The basic elements of the Senate’s comprehensive reform legislation, passed Thursday, are:
In general, the economic impacts seem to give more fodder to reform supporters than to critics.
As economists at the CBO put it, the reform should make both the workforce and capital investment more productive over the long term, “leading to higher GDP, higher wages, and higher interest rates.”
That view flies in the face of a longstanding concern: that immigrants will diminish job opportunities and push down wages of native-born workers. But so far, a growing body of economic research refutes this view.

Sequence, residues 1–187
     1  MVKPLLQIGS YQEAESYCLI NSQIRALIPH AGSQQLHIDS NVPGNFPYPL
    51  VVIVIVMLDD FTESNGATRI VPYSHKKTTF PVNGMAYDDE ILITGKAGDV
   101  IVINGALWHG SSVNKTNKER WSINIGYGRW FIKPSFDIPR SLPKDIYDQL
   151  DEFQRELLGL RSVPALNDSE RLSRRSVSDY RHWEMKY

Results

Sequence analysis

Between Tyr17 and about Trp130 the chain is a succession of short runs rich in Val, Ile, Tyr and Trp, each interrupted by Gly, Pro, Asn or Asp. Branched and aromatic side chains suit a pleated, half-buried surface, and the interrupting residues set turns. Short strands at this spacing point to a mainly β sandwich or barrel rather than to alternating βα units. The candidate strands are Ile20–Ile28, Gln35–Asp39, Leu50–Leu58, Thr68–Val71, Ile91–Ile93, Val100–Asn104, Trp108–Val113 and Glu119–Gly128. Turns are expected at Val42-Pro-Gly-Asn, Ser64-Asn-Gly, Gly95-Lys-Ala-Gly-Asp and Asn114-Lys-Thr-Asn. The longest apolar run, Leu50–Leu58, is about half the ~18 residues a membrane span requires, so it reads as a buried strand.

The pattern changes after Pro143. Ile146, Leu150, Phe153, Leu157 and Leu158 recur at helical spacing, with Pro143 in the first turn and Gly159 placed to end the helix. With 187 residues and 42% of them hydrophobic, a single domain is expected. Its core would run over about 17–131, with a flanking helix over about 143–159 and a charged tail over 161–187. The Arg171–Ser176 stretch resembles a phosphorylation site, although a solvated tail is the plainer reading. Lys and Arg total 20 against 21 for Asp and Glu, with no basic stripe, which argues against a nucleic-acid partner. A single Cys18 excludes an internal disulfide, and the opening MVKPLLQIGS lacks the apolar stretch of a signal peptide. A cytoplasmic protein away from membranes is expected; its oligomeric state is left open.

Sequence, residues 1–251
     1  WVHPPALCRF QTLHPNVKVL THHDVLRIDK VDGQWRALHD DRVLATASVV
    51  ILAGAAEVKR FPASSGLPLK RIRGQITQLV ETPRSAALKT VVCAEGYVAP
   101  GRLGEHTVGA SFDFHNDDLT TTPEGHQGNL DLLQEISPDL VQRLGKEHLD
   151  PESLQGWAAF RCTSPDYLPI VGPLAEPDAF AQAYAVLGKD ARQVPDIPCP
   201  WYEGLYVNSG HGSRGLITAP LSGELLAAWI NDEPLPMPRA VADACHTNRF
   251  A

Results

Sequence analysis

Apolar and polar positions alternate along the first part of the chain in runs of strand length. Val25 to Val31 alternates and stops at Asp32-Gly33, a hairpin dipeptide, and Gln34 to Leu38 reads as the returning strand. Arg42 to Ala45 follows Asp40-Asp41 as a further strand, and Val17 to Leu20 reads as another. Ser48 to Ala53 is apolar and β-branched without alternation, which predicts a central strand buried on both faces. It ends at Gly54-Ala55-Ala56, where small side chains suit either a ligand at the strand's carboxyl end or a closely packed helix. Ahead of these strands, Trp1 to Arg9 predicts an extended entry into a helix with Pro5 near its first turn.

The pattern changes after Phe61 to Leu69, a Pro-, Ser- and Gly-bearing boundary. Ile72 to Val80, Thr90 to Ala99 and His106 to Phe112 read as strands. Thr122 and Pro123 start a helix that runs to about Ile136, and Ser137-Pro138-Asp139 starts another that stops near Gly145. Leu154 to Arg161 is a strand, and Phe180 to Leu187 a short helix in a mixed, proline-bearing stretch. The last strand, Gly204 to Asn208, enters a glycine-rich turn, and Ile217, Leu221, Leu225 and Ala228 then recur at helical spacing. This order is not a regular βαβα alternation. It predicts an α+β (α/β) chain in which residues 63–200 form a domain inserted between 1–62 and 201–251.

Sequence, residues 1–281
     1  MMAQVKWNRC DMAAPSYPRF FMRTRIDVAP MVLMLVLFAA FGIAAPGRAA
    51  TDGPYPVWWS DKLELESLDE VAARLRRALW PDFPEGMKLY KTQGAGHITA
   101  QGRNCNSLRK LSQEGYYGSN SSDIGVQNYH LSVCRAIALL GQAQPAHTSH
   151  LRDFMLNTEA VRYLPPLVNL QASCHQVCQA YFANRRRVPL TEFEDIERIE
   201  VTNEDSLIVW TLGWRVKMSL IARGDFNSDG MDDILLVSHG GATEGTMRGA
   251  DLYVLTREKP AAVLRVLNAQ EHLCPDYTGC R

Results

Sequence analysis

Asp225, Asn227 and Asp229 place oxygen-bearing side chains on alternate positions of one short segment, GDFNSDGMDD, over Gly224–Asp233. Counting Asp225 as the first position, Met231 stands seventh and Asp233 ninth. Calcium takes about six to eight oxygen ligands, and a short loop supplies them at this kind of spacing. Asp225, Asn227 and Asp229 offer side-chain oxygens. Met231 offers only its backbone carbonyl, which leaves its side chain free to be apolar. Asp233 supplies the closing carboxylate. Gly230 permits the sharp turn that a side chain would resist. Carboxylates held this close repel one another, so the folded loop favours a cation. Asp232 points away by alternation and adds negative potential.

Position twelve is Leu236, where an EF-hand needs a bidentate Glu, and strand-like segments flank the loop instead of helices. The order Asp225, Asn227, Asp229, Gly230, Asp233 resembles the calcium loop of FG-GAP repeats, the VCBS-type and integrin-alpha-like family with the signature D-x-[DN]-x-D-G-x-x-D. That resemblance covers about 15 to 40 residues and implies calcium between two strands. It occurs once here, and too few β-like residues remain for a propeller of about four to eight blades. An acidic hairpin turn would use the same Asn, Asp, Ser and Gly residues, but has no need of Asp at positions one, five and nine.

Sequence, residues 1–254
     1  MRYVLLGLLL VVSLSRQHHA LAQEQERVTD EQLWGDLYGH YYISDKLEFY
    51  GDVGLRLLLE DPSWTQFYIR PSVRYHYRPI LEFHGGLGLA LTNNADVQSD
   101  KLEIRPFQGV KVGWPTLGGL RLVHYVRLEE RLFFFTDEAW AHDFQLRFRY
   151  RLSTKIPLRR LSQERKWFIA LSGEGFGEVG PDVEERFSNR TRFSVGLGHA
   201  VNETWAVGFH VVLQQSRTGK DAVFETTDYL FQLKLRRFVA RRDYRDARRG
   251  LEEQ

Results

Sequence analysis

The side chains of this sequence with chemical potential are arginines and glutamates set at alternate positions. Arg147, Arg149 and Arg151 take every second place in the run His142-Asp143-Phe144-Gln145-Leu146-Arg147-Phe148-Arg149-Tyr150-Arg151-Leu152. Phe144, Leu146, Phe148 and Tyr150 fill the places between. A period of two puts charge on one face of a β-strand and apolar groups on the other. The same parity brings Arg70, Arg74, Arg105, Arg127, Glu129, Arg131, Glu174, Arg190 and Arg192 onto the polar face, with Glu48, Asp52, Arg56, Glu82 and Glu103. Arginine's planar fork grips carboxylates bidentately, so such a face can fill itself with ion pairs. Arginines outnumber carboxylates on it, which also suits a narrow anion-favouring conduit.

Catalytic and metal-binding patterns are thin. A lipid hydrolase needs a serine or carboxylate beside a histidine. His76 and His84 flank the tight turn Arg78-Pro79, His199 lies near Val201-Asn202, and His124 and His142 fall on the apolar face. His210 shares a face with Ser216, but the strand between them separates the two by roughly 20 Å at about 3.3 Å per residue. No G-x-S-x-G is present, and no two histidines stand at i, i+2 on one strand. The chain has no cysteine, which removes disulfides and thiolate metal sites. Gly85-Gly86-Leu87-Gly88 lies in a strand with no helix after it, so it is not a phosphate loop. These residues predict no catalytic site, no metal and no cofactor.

Jobs and wages. With immigration reform, as with other moves that expand the number of foreign-born people in the labor force, many independent analysts don’t predict harm to average US workers.
For one thing, new foreign workers are also new consumers who fuel economic demand. So an expanding workforce doesn’t mean more people competing for the same number of jobs.
“Immigration flows are ultimately just too small as a share of the US labor force to have large impacts on wages once the labor market adjusts to the supply increase,” writes Jared Bernstein, a former Obama administration economist. “The labor force is always growing along with population, and if anything, demographics [are] pointing toward slower supply growth [of workers]."
But he argues that there’s still a significant short-term challenge, if reform is enacted.